Breast Implants: Forget silicone, use body fat
Looking to get breast implants? Why not get a use the extra fat from your tummy or your thighs?
In this revolutionary new procedure a patient is given local anesthesia and the fat removed during liposuction, mixed with other body cells is injected into the breasts (instead of traditional silicone). The procedure is known as platelet injection fat transfer (PIFT).
Last December 25-year Emma Harding became the first British patient to go under the procedure going from 32B to 32C.
'I always wanted larger breasts, so when I was made redundant from my job in marketing last year and found another job straight away, I decided to spend the money on surgery,' she says.
'Having silicone implants was not for me - I may have wanted a bigger chest but I didn't want to look like Jordan. And I didn't like the idea of something alien in my breasts.'
Emma considered injections of synthetic filler Macrolane - a procedure known as 'the boob jab', which can boost the breasts by a cup size.
'But I decided against this as I had heard too many reports of this filler turning lumpy,' she says.
'I began speaking to surgeons about other options, which is how I was offered the chance of having a PILF breast enhancement by the Viel brothers.
'I was concerned that it was a new treatment and there was an amount of uncertainty in the outcome and longterm effects. But Dr Viel reassured me I had nothing to worry about and that the procedure had been carried out in America.
'I asked whether there was a chance my breasts could end up lumpy and he told me the process eliminated that possibility. So I booked myself in.'Source: www.dailymail.co.uk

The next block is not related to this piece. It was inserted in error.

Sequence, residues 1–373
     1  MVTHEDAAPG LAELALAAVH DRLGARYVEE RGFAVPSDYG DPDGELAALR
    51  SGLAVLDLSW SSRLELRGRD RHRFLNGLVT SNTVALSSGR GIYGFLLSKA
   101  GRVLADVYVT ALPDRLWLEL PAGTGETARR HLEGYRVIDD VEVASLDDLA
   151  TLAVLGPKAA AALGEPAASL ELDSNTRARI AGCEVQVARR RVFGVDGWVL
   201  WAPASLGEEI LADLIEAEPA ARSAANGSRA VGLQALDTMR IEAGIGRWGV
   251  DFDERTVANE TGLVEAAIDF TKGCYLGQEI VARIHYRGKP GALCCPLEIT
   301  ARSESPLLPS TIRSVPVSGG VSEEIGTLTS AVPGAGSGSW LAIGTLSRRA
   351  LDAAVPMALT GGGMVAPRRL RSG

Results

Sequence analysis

There are concerns regarding the procedure. There are concerns about breast cancer and asymmetricity with regards to fat absorption. Some plastic surgeons say that only 65% of the grafted tissue survives, which might mean that the post-procedure breasts might shrink over time.
Consultant plastic surgeon Mr David Ross, at Guy's, St Thomas' and Kings College hospitals, also believes the Viel brothers are giving patients overly optimistic expectations.
'I have used similar procedures in reconstructive and aesthetic patients,' he says. 'There is evidence that fat transfers could provide augmentation in the breast but normally only 65 per cent of the grafted tissue survives.
'My concern is the use of Vaser Lipo. This liquifies the fat which, in my experience, would increase the likelihood that they would be quickly reabsorbed. Much of what the Viel brothers are promising women is unproven.'Source: www.dailymail.co.uk
The procedure costs £3,500 around and further top-ups are £1,800 each. Sounds like that this procedure (if it works), might become expensive in the long run.